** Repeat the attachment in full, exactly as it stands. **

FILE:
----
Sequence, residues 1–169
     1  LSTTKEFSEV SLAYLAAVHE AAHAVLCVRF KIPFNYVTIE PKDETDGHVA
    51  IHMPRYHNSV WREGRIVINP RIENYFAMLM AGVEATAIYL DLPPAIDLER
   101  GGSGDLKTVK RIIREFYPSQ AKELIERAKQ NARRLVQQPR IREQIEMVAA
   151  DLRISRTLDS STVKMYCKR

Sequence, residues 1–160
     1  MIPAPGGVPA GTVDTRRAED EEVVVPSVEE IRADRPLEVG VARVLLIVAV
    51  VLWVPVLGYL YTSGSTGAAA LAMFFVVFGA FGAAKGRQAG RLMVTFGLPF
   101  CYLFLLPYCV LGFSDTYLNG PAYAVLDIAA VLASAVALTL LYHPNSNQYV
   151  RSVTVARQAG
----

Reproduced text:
Sequence, residues 1–169
     1  LSTTKEFSEV SLAYLAAVHE AAHAVLCVRF KIPFNYVTIE PKDETDGHVA
    51  IHMPRYHNSV WREGRIVINP RIENYFAMLM AGVEATAIYL DLPPAIDLER
   101  GGSGDLKTVK RIIREFYPSQ AKELIERAKQ NARRLVQQPR IREQIEMVAA
   151  DLRISRTLDS STVKMYCKR

Sequence, residues 1–160
     1  MIPAPGGVPA GTVDTRRAED EEVVVPSVEE IRADRPLEVG VARVLLIVAV
    51  VLWVPVLGYL YTSGSTGAAA LAMFFVVFGA FGAAKGRQAG RLMVTFGLPF
   101  CYLFLLPYCV LGFSDTYLNG PAYAVLDIAA VLASAVALTL LYHPNSNQYV
   151  RSVTVARQAG